July 18, 2019
In a surprise order that appeared on the docket July 15, Judge Anita B. Brody appointed Philadelphia defense attorney Susan Lin “to advise the Court regarding the protection of participants’ rights in the investigative process.”
Ms. Lin seems highly qualified in the areas specified by Judge Brody. She graduated from Yale Law School in 2004 and clerked for Judge Brody immediately after graduation. From there she went on to work as a public defender and was promoted to Assistant Federal Defender in the trial and appellate units at the Federal Community Defender Office for the Eastern District of Pennsylvania. She joined her current firm, Kairys, Rudovsky, Messing, & Feinberg in 2014 and made partner in record time, adding her name to the firm’s namesake attorneys.
The work Judge Brody has planned for her seems less defined that Ms. Lin’s qualifications, however.
This is all the order stated regarding the work that Lin will be undertaking. A face-value reading would tend to indicate that the newly appointed special master will be acting to safeguard the rights of those under audit investigations, and that could be the intent. Nothing about this settlement to date has been a face-value proposition, however, so I’ll attempt to read between the lines while emphasizing that my thoughts are speculative and based on prior behavior patterns within the settlement, and not on any inside knowledge of the situation.
It seems possible Ms. Lin has been appointed as an advisor to the court in order to ensure that no boundaries are crossed as investigations are undertaken, leading to liability for those involved in the investigations should legal challenges present.
The NFL’s stated purpose in the appointment of a fraud investigator is to endow them with the authority of subpoenas and depositions that could determine “purposeful intent” and potentially be used in complaints with licensing and ethics boards or result in criminal investigations. To that end, the NFL has scoured the internet and social media to search for any material that might cast doubt on a player’s diagnosis as well as running extensive background checks on players to see if there is anything that resembles employment in their recent history. Recently, the NFL has resorted to having private investigators follow and watch players to see if there is anything that could be used to discredit their diagnosis and cast doubt on their honesty.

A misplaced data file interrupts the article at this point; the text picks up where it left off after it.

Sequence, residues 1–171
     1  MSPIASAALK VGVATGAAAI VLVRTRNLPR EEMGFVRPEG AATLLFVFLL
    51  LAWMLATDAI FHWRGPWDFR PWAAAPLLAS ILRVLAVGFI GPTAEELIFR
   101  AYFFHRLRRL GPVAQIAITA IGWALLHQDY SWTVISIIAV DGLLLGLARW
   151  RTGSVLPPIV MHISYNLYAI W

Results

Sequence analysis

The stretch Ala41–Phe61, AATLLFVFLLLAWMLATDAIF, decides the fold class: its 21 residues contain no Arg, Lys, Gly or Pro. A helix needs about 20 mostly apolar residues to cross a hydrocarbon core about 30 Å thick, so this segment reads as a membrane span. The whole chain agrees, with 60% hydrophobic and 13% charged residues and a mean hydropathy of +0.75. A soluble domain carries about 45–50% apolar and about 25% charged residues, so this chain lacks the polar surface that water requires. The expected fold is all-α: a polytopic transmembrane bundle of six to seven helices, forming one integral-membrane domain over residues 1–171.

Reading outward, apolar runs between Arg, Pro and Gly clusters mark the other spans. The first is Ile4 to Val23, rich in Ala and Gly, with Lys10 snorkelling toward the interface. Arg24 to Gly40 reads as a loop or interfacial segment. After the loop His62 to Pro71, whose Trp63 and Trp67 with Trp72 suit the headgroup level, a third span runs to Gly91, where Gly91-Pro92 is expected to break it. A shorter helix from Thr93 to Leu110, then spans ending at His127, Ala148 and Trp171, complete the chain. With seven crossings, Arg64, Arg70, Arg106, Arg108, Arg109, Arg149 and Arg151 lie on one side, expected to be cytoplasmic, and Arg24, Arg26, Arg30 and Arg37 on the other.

On information and belief, the NFL has filed an objection with the court that seeks to permanently disqualify a player if they are able to catch him in omission or misrepresentation of his daily activities. For instance, if a player says he doesn’t drive but does drive to the store a few blocks from his home, in the NFL’s view this should disqualify him from participation in the settlement along with any chance he might have for recovery to compensate for brain damage sustained from football participation.
Because of the NFL’s decades-long blitzkrieg against disability claims, players who’ve already been shortchanged by the NFL might be inclined to fudge on a detail they think could get them in trouble, such as admitting to driving, especially if it’s only on rare occasions they get behind the wheel.